3. Universal Waste Violations – This includes management of wastes such as batteries and lamps.

4. Used Oil Labeling Violations – Remember that any container or tank utilized to hold used oil should be labeled “Used Oil.”

5. Storage Area Labeling Violations – Containers in a 90 or 180-day storage area must be marked with the words “Hazardous Waste” as well as generator name and address, accumulation start date, contents, physical state, and hazardous properties.

6. Satellite Accumulation Area Labeling Violations – Always remember that a container must be labeled after the first drop of waste is added.

7. Contingency Planning Violations – Make sure to have you plan in place and that all employees know what to do if needed.

8. Failure to Perform Weekly Inspections of Hazardous Waste Storage Areas – Fairly self-explanatory, make sure you have weekly inspections done.

9. Failure to Have a Hazardous Waste Reduction Plan On-Site – A hazardous waste reduction plan (often referred to as a waste minimization plan) is required for all hazardous waste generators.

10. Failure to Make a Hazardous Waste Determination – It is imparitive to remember that a hazardous waste determination must be made for each and every waste generated on your site.

Good news, blog friends! We have a new eBook to tell you about today! If you are subscribed to our email newsletter you will have gotten early access to this last week; now it is available to everyone though!

You may be wondering what the new eBook is about so let me tell you! We’re calling it a Hazardous Waste Cheat Sheet and it lives up to its name. Within this short eBook you will find information on a few different basics of hazardous waste, including:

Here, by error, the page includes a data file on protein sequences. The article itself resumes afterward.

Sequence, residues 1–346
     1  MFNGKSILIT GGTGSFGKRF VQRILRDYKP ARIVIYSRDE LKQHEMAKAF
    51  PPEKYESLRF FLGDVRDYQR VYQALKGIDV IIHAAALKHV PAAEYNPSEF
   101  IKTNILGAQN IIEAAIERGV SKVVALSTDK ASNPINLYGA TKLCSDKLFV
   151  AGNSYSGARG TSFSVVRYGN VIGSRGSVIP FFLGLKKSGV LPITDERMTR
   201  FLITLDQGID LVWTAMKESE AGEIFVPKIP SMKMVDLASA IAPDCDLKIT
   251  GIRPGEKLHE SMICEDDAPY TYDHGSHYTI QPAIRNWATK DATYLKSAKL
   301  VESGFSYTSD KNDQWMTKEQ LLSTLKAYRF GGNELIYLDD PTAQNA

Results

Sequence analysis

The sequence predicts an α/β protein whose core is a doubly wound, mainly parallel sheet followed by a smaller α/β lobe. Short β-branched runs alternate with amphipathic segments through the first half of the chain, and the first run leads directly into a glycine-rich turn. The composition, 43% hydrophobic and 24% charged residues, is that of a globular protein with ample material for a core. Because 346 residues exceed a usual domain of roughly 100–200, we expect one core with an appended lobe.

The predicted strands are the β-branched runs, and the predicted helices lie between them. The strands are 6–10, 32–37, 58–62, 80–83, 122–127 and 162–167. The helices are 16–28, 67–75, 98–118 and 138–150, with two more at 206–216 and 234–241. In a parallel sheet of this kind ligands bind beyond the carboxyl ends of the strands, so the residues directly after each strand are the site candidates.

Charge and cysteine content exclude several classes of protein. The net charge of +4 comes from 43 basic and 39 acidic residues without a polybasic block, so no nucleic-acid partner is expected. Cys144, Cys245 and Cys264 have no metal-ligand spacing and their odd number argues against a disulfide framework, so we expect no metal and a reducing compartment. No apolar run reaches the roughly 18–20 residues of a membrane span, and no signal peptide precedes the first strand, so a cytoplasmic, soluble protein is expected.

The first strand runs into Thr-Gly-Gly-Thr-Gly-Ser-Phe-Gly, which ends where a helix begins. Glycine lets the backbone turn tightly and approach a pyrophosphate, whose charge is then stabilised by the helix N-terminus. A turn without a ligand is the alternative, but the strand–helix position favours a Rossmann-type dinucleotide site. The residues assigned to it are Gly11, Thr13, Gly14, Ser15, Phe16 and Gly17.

• The Definition of Hazardous Waste
  • The Characteristics of Hazardous Waste
  • The Different Hazardous Waste Classes and
  • Common Hazardous Material/Waste Acronyms and Recognized Abbreviations

This one may come as a shock to you because we don’t tend to think of things we use regularly (like our cell phones, iPods, and computers) as having the possibility to be considered hazardous. These types of wastes, identified by the somewhat new term E-wastes, include a bevy of items falling under the umbrella of out dated and out of use electronics.

What might I have?

So what exactly are e-wastes? According to the California Department of Toxic Substances Control, “’E-waste’ refers to any unwanted electronic device or Cathode Ray Tube (CRT) and is classified as universal waste. E-waste frequently contains hazardous materials, predominantly lead and mercury, and is produced by households, businesses, governments, and industries.” That said, anything from old stereos and boom boxes to outdated cellphones or computers can fall into this category.

What does this mean for me?